Expectations regarding future activity remained positive in January, though some key indexes weakened from their December readings. The future production index ticked down from 47.3 to 43.7, while the future general business activity index shot up 12 points to 29.6. Other measures of future manufacturing activity showed mixed movements but remained solidly in positive territory.

Next release: Monday, February 22

Data were collected Jan. 12–20, and 111 Texas manufacturers responded to the survey. The Dallas Fed conducts the Texas Manufacturing Outlook Survey monthly to obtain a timely assessment of the state’s factory activity. Firms are asked whether output, employment, orders, prices and other indicators increased, decreased or remained unchanged over the previous month.

Survey responses are used to calculate an index for each indicator. Each index is calculated by subtracting the percentage of respondents reporting a decrease from the percentage reporting an increase. When the share of firms reporting an increase exceeds the share reporting a decrease, the index will be greater than zero, suggesting the indicator has increased over the prior month. If the share of firms reporting a decrease exceeds the share reporting an increase, the index will be below zero, suggesting the indicator has decreased over the prior month. An index will be zero when the number of firms reporting an increase is equal to the number of firms reporting a decrease. Data have been seasonally adjusted as necessary.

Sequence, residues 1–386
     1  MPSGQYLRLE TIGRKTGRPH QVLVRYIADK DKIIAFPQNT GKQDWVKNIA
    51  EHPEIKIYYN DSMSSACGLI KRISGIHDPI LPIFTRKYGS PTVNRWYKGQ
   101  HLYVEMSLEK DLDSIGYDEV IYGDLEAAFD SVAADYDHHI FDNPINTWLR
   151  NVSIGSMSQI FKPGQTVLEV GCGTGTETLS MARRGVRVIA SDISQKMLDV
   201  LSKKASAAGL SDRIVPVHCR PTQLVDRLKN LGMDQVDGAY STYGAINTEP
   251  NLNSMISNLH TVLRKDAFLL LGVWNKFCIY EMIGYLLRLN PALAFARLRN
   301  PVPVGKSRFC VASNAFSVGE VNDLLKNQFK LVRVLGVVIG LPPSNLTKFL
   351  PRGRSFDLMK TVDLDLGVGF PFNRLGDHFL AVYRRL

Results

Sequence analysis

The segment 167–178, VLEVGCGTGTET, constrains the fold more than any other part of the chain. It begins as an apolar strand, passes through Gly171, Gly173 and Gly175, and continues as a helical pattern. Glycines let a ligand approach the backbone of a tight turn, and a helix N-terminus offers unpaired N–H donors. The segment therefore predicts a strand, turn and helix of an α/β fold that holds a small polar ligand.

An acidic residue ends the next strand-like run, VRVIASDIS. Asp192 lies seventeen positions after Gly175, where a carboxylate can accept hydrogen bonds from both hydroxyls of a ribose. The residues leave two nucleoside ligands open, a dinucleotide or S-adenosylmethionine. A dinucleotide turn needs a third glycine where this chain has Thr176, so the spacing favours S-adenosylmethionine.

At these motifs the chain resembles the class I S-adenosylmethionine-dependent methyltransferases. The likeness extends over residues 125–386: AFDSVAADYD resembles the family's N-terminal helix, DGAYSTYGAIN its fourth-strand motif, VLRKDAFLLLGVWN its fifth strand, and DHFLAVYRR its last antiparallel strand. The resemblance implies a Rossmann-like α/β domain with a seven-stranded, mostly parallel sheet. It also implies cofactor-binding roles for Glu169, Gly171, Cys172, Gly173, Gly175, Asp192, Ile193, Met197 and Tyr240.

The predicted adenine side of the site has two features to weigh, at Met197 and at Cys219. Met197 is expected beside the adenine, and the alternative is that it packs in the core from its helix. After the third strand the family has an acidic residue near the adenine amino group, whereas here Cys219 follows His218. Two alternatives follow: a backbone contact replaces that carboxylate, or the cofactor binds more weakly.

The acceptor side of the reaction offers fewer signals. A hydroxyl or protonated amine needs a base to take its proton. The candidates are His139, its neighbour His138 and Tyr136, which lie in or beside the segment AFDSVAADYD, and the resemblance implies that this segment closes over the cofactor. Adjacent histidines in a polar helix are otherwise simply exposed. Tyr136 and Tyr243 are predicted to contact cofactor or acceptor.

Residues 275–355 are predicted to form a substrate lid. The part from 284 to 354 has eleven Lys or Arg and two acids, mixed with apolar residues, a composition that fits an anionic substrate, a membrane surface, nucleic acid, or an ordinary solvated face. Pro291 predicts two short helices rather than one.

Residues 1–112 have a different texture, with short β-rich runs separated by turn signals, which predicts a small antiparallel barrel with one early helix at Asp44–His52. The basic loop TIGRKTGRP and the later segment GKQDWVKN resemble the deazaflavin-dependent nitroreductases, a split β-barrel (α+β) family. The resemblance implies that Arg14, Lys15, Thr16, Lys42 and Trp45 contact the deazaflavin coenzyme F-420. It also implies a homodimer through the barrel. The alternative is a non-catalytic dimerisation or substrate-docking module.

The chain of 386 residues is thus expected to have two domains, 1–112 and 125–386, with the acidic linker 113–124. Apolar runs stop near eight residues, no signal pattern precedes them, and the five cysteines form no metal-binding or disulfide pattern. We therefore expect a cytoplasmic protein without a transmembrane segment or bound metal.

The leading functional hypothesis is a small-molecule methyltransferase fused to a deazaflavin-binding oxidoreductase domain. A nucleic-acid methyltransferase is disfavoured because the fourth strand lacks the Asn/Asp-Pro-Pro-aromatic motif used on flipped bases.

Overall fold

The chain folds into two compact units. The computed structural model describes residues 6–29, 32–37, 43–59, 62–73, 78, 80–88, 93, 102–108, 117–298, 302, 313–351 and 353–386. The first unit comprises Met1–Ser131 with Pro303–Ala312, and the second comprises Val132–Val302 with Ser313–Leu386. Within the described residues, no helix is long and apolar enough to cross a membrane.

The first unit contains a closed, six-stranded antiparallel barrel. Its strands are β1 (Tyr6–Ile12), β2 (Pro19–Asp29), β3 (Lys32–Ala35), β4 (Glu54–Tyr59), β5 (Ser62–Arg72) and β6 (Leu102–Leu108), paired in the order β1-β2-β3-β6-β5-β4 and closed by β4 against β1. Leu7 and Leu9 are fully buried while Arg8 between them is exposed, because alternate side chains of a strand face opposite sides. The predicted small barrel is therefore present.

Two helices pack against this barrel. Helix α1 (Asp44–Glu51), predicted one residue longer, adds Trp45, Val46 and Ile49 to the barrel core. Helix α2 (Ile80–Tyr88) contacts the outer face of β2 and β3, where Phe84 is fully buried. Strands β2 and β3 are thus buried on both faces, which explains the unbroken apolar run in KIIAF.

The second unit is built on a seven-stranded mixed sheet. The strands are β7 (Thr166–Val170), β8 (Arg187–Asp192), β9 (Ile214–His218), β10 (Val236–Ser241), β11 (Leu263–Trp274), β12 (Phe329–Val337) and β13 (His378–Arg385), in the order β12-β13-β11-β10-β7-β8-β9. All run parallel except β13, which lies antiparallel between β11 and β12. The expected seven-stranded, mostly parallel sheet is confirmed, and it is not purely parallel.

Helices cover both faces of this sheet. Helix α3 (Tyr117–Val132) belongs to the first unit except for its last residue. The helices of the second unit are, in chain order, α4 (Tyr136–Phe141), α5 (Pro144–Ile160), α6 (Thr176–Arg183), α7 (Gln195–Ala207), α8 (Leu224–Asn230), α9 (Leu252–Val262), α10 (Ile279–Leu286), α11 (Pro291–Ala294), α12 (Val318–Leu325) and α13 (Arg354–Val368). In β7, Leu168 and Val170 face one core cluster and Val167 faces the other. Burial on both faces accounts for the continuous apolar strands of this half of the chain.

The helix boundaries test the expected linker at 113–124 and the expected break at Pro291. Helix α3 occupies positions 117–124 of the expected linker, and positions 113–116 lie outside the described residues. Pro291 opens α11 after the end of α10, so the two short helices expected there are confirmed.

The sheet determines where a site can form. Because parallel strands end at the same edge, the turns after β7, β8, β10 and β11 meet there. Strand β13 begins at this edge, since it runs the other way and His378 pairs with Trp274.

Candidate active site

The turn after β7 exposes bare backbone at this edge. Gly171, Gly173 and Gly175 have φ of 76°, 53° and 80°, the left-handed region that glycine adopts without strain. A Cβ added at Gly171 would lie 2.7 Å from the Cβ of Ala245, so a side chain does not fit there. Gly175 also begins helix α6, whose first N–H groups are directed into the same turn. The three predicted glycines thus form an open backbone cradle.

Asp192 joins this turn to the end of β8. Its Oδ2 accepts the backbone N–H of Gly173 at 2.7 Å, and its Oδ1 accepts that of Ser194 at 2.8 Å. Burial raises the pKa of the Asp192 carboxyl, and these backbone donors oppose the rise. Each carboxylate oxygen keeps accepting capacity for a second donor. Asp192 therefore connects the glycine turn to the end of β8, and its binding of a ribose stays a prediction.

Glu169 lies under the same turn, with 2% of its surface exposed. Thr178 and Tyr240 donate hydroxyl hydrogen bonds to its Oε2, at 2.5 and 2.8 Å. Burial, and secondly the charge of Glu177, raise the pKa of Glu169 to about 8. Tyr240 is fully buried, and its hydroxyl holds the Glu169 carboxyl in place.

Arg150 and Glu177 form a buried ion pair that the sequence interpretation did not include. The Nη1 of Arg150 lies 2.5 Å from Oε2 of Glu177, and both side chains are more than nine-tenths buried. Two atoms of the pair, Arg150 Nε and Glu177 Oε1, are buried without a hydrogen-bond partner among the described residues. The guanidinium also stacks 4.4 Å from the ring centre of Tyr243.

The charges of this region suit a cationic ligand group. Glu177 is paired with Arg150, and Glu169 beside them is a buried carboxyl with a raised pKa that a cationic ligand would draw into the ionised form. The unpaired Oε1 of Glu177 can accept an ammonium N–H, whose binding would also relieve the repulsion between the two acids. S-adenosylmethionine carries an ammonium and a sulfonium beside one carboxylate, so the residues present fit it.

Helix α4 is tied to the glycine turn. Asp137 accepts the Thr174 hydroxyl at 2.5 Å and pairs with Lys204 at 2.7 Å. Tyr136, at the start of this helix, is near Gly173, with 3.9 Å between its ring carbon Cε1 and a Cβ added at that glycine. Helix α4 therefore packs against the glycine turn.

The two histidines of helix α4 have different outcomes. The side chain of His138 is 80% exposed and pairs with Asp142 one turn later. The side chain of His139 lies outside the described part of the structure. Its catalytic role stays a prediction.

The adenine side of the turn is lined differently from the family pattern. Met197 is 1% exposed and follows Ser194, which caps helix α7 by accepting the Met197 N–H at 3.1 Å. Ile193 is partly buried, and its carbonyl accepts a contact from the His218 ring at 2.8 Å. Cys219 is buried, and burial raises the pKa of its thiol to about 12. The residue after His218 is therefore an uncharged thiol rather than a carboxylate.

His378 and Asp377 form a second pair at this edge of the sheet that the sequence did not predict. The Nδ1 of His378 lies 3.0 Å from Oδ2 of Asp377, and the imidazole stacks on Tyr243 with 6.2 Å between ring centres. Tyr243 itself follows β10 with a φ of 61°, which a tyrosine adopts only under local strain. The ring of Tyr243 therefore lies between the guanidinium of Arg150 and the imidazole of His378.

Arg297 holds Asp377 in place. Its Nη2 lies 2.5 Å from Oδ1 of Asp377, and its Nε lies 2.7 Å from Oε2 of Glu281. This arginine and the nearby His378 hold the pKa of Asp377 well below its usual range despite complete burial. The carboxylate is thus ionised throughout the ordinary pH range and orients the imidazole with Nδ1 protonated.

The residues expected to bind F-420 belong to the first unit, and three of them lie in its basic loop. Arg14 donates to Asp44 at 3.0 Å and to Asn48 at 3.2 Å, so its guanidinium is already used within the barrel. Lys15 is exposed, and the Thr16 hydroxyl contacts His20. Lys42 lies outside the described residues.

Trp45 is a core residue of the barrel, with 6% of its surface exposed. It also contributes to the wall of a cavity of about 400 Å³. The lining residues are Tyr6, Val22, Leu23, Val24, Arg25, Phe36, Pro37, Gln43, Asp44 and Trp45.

January 25, 2021

Results Summary

Historical data are available from June 2004 to the most current release month.

Business Indicators Relating to Facilities and Products in Texas
Current (versus previous month)
IndicatorJan IndexDec IndexChangeSeries
Average
Trend*% Reporting Increase% Reporting No Change% Reporting Decrease

Production

4.6

26.8

–22.2

10.0

8(+)

27.3

50.0

22.7

Capacity Utilization

9.2

19.2

–10.0

7.7

8(+)

28.7

51.8

19.5

New Orders

6.3

19.6

–13.3

5.9

8(+)

27.3

51.7

21.0

Growth Rate of Orders

5.9

15.9

–10.0

–0.3

7(+)

22.7

60.5

16.8

Unfilled Orders

5.7

9.5

–3.8

–2.8

7(+)

15.4

74.9

9.7

Shipments

13.5

23.4

–9.9

8.8

8(+)

30.6

52.3

17.1

Delivery Time

9.2

11.3

–2.1

–0.3

7(+)

19.3

70.6

10.1

Finished Goods Inventories

–9.3

–8.1

–1.2

–3.4

22(–)

13.1

64.5

22.4

Prices Paid for Raw Materials

55.0

50.8

+4.2

24.3

9(+)

57.3

40.4

2.3

Prices Received for Finished Goods

13.9

19.0

–5.1

6.0

6(+)

20.4

73.1

6.5

Wages and Benefits

17.6

19.6

–2.0

18.4

9(+)

18.4

80.8

0.8

Employment

16.6

20.9

–4.3

6.3

7(+)

27.4

61.8

10.8

Hours Worked

12.6

9.5

+3.1

2.5

7(+)

22.3

68.0

9.7

Capital Expenditures

12.1

9.2

+2.9

6.2

6(+)

22.4